Atlantic Lottery has issued a tender for stand-alone “instant ticket vending” machines that will issue lottery tickets without the intervention of a store clerk. The machines will verify the purchaser’s age via a driver’s licence scan, which presents obvious problems, but what the hey, maybe one day soon it won’t take half an hour to buy bottle of aspirin at Shopper’s.

Tim Bousquet is the editor and publisher of the Halifax Examiner. Twitter @Tim_Bousquet Mastodon

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  1. The passenger train maps make for an awesome visual statement on the New World’s lack of forethought when developing their transportation infrastructure. Of course communities in the EU tend to be located in much closer proximity to one another; but still the difference in the developed infrastructure is astounding.

  2. One of the reasons I’m going to renew my subscription is the occassional grammatical analysis that surfaces in the Examiner. Tim is encouraging people to read closely, which is great for enlightenment & bad for tyranny.

    In the same article Mr Steele confused the prepositions “of” and “from”:

    “Outside a radius of about 100 kilometres of downtown Halifax, there is deep, deep resentment of Halifax’s advantages and its arrogance.”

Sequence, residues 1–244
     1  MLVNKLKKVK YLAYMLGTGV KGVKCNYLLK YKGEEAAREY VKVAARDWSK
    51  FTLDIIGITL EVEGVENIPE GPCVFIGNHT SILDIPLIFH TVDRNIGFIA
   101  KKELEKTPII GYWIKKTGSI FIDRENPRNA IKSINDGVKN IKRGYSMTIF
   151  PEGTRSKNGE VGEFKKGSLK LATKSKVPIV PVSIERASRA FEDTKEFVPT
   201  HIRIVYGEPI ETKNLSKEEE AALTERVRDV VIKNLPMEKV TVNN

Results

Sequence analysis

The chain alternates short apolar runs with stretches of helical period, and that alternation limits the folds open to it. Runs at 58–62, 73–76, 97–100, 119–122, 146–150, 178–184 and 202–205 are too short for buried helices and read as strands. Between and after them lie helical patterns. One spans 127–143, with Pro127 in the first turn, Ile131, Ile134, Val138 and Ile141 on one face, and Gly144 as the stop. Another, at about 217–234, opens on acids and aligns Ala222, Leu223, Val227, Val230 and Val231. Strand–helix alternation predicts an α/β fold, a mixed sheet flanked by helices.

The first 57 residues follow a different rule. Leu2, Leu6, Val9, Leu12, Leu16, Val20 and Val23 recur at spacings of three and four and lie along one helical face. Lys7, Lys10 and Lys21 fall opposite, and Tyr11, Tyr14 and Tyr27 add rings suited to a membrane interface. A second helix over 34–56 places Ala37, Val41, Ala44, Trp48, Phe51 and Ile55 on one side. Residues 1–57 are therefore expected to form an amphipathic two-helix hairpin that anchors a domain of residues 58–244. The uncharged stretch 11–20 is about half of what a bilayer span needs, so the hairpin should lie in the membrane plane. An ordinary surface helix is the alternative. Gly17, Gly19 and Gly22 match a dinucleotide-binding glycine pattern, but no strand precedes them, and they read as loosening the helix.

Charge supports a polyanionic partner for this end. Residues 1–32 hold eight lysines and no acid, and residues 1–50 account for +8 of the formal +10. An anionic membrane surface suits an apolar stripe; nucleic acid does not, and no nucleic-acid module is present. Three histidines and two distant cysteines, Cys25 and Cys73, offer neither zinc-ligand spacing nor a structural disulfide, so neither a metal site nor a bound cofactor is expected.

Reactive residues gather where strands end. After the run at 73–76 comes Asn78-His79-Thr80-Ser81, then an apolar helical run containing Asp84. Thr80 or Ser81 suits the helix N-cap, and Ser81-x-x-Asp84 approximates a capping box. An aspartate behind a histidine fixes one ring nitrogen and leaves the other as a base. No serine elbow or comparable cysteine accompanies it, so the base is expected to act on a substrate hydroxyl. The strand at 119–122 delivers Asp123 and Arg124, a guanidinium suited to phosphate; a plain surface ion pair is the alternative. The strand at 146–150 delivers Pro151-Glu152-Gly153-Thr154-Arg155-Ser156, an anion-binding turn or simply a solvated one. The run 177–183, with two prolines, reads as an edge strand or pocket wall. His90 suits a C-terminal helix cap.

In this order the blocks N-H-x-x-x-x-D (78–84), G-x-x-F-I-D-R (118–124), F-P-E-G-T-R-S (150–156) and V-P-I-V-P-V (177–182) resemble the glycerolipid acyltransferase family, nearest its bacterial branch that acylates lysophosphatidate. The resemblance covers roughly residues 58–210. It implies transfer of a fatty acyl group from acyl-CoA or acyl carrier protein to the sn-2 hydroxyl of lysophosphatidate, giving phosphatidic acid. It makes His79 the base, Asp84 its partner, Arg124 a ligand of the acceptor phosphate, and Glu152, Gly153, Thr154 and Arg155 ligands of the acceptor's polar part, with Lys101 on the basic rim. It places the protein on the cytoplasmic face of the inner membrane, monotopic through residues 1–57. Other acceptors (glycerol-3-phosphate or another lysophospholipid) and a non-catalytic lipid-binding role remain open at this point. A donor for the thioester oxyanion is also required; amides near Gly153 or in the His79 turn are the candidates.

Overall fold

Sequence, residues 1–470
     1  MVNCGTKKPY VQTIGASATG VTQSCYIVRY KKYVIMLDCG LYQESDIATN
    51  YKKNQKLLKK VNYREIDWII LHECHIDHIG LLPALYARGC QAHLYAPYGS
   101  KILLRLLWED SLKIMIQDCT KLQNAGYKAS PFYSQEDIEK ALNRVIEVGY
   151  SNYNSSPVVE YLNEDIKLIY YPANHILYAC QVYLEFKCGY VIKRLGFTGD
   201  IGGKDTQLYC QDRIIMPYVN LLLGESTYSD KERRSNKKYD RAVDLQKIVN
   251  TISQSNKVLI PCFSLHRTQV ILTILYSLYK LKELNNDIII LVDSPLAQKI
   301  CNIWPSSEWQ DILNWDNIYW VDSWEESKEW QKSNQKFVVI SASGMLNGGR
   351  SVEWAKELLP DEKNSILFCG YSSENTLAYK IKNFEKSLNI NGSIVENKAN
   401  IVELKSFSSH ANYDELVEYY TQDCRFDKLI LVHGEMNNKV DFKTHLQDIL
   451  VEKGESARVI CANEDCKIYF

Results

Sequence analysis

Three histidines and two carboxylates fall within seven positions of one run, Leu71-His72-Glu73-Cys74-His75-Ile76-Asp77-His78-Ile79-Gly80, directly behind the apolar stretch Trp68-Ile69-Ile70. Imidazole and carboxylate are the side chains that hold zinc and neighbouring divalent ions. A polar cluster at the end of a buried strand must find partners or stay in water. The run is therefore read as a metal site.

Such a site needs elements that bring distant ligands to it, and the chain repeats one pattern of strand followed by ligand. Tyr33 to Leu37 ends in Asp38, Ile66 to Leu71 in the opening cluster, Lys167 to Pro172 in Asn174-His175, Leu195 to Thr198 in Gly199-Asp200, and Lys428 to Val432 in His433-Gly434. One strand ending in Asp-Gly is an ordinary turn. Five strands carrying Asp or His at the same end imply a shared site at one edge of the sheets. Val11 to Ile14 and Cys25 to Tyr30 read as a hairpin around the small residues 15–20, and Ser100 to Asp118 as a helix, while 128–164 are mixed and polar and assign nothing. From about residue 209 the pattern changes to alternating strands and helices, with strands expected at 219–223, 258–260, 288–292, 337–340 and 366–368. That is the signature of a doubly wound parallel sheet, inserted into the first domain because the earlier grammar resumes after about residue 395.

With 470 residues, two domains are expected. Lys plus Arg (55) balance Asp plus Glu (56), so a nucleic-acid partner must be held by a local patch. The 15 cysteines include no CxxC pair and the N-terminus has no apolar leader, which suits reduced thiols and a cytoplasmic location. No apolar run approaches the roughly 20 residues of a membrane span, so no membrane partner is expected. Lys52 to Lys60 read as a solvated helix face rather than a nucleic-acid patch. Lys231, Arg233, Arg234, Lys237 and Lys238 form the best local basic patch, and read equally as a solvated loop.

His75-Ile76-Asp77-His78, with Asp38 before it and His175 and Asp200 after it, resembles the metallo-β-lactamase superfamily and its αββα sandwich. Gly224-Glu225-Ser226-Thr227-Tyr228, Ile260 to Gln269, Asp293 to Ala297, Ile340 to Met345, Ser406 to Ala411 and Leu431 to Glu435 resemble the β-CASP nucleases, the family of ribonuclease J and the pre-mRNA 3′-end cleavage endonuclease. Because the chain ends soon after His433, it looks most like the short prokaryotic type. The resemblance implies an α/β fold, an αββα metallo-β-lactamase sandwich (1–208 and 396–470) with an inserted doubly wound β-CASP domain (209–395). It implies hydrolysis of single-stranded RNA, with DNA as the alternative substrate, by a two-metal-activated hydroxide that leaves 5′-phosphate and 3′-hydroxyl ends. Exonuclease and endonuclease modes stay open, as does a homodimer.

Should be “from downtown Halifax” because the author is expressing a point of origin.

  3. Until we switch to a high speed transfer system, with a few park ‘n ride’s just off the core, we will be without any decent parking solution.

  4. The University Avenue corridor is wide enough to accommodate a bikeway and not lose any parking. It’s not as if there is enough traffic to justify 4 lanes now.

  5. Hey Tim: We’re all for bike lanes, but there is a parking problem at Dal and as you know, very poor transit service in many parts of HRM including Fall River where I used to live. Even if you buy a parking spot at Dal, you’re not guaranteed one when you show up. Fortunately, I have a modest solution. Tear down one of the more useless Dal buildings and building a honking big parking lot. Best candidate for demolition? The Kenneth C. Rowe Management Bldg.

    1. Dig up one of the large open spaces, dig/blast it out and put a big honking underground park facility down there. Then recreate the large open space back on top of the underground parking resource. Parking fee to be charged of course.

      This solution could be implemented all over the city and the on street parking dilemma would cease to exist.

  6. I predict I’ll finally cancel my subscription some day when I get tired of reading the pedantic less/fewer asides. Leave the knee-jerk prescriptivism for your own content!

    1. No, “less than fifteen years…” is correct. “Less than a million souls…” is wrong.